USB-C vs. Thunderbolt 3: Understanding the Key Differences

Even if you are eager to delve into the smallest details when comparing USB-C and Thunderbolt 3, you may still find yourself frustrated by the intricate complexities between the various USB versions and their competitor, the Thunderbolt series.

USB-C and Thunderbolt 3 are often mentioned together, but these technologies intersect in some ways while diverging in others. This brief overview will illuminate the unique aspects of USB-C and Thunderbolt 3, as well as how European countries are moving towards complete adoption of USB-C, hindering the expansion of Thunderbolt.

A look back at USB A, B, C, and their iterations

USB was created to standardize the connection of peripherals to personal computers and to provide electrical power. The increasing demand for PCs and electronic devices led to a significant technological competition. Type-A was introduced in 1996, followed by USB Type-B, and now Type-C (USB-C), each with unique shapes and configurations.

USB versions encompass USB 1.1, USB 2.0, USB 3.0, USB 3.1 Gen 1, and USB 3.1 Gen 2.

Seems complicated, doesn't it?

But it's not.

The following table provides a summary of 25 years of USB development.

  USB 2.0 USB 3.0

USB 3.1

Gen 1

USB 3.1

Gen 2

USB 3.2
Data rate 480 Mbit/s 5 Gbit/s 10 Gbit/s 10 Gbit/s up to 20 Gbit/s 
Interface Options USB-A, USB-C, Micro-USB(in common use) USB-A, USB-C, Micro-USB USB-A, USB-C USB-C USB-A, B, micro B & USB-C


USB 3.2

Gen 1

(same as USB 3.1 Gen 1 and USB 3.0)

USB 3.2

Gen 2

(same as USB 3.1 Gen 2)

USB 3.2 

Gen 1x2

USB 3.2

Gen 2x2

Data rate 5 Gbit/s 10 Gbit/s 10 Gbit/s 20 Gbit/s
Interface Options USB-A, B, micro B & USB-C USB-A, B, micro B & USB-C USB-C only USB-C only

source from wiki

What is USB-C: Understanding it in Detail for Comparison with Thunderbolt 3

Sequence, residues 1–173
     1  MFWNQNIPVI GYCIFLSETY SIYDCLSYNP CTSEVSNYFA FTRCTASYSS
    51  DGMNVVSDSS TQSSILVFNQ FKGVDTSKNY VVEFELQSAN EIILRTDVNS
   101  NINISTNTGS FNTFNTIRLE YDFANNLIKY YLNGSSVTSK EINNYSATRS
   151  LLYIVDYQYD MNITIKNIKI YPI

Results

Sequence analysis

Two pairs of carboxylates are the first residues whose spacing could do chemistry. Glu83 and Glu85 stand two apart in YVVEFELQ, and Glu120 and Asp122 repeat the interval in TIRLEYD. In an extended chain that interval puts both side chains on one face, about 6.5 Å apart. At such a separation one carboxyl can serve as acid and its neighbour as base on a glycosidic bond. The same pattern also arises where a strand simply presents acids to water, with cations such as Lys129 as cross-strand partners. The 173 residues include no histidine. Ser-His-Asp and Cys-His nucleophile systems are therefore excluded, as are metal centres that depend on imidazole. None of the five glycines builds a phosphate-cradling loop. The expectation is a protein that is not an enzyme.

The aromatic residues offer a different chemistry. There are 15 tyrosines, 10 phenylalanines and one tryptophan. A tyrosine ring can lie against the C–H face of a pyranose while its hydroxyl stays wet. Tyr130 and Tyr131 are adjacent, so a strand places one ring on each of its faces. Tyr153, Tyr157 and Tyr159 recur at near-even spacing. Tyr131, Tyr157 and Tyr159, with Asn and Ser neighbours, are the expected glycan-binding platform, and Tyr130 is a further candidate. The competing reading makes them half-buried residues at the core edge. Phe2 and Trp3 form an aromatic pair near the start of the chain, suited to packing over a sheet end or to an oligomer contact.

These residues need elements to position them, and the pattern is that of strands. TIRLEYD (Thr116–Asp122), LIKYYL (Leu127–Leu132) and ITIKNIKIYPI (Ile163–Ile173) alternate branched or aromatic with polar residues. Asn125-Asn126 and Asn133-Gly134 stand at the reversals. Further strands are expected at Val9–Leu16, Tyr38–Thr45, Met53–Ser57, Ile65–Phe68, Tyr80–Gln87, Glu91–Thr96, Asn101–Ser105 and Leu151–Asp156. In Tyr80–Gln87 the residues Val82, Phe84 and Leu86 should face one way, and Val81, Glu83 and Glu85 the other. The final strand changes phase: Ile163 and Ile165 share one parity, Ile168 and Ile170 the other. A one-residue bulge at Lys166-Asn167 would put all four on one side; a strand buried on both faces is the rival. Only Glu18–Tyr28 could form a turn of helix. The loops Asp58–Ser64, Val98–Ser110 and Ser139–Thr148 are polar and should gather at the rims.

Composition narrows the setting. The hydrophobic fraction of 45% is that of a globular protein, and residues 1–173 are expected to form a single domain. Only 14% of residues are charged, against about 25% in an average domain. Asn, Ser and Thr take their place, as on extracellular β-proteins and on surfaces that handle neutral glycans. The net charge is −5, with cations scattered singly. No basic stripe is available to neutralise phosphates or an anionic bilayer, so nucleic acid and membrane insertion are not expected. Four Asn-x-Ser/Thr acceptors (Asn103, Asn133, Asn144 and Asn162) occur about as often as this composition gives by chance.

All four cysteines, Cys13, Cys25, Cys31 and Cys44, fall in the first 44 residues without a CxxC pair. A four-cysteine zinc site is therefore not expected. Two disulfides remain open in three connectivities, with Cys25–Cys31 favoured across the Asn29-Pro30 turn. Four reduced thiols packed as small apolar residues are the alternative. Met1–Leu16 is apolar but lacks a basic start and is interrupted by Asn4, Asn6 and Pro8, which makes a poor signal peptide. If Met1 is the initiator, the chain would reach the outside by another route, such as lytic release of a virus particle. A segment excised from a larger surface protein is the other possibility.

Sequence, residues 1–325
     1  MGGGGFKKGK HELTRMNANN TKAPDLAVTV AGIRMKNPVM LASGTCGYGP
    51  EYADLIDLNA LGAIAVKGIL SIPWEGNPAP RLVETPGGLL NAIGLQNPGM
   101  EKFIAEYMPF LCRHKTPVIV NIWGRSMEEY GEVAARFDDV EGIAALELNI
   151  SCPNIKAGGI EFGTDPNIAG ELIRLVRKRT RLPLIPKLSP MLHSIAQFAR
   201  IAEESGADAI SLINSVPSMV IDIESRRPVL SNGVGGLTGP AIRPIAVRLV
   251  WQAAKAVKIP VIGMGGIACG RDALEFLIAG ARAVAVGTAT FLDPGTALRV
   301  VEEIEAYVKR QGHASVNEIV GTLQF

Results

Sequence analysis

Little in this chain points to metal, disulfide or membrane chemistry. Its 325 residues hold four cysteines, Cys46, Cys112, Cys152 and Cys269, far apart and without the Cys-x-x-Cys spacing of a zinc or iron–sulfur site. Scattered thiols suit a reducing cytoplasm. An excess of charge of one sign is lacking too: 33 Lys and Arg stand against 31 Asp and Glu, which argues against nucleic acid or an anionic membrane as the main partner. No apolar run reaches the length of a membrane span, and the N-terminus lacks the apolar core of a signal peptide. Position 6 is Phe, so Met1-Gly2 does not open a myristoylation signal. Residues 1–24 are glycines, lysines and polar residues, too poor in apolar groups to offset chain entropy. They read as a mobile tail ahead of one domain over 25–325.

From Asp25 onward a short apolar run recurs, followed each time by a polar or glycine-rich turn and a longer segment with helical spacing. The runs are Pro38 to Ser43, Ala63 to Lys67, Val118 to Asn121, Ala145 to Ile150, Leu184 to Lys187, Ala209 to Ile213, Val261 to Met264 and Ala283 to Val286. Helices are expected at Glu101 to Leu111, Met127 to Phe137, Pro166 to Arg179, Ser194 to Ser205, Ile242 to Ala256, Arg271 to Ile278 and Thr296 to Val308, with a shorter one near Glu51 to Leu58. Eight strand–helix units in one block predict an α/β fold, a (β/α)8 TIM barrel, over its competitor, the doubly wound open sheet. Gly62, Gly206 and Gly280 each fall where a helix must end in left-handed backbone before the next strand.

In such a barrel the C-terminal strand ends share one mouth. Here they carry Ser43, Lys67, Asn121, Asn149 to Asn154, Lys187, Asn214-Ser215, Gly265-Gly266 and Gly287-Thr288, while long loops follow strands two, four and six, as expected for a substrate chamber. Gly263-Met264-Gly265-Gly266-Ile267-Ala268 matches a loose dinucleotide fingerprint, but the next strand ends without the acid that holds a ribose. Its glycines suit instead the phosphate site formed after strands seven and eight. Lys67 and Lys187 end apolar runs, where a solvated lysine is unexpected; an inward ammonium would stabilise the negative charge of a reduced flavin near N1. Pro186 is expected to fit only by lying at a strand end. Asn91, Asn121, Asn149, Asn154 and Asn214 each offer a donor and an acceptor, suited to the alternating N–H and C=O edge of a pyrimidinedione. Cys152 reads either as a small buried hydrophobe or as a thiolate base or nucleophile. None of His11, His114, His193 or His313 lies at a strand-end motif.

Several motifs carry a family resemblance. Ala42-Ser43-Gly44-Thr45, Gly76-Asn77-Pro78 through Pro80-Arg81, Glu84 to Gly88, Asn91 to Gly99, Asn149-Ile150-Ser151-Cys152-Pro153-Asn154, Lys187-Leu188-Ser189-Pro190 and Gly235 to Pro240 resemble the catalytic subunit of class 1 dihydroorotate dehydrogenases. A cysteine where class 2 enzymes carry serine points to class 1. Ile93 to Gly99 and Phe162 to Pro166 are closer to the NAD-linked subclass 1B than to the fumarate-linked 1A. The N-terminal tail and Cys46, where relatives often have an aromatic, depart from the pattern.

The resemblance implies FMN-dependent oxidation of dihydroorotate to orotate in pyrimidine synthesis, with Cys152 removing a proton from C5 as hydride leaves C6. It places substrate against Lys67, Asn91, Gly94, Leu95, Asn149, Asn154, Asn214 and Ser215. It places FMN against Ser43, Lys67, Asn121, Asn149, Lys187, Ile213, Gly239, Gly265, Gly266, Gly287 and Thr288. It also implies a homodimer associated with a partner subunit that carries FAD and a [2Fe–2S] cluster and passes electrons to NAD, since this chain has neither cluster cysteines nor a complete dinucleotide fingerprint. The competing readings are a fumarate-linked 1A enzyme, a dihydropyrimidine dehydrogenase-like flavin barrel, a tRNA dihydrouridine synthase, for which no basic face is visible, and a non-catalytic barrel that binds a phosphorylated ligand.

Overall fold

Have you ever struggled to insert a USB-A connector, flipping it back and forth? Definitely not. But with Type-C, you simply line up the connector and it fits without any hassle.

USB-C seems to have revolutionized the game with its ease of use. It excels in massive data transfer, speed, and accelerated recharge capabilities. These features, combined with its user-friendly design, have made it popular among major tech companies. Consequently, Samsung, Google, and Microsoft are transitioning to USB-C connectors.

Nearly all devices that support USB 3.1 utilize USB-C connectors, some boasting power outputs of 100 watts at 20 volts and data rates of 5 Gbps.
USB-C offers robust charging capabilities, enabling the charging of larger devices as well as everyday smartphones due to its higher power output, eliminating the need for additional charging cables.

However, not every device with a USB-C connector can perform all functions. For instance, a USB hard drive cannot output a video signal, limiting its ability to send and receive data. On the other hand, an Apple iPad uses USB-C to charge its battery, sync with a Mac or PC, and output video through USB-C's DP alt mode.

USB-C: Beyond 5V 1A with E-Marker Integration

In addition to the widespread adoption of USB-C, manufacturers have enhanced it with an intelligent chipset called the E-Marker Chip.

Traditional USB implementations are limited to providing 5V power, which is insufficient for many modern devices. With the consolidation of USB-C ports, smart devices combine charging and data ports, requiring higher voltages for faster charging, particularly for powering electric equipment. As a result, USB Power Delivery (PD) has incorporated support for 9V, 15V, and 20V to accommodate a wider range of devices. The E-marker, located inside the connector, functions as an automatic adjustment system for charging based on varying power requirements.

Now, USB-C to USB-C cables are more intelligent than ever, with built-in chipsets regulating power sources and sinks to ensure rapid charging while adhering to the robust safety protocols of USB Power Delivery.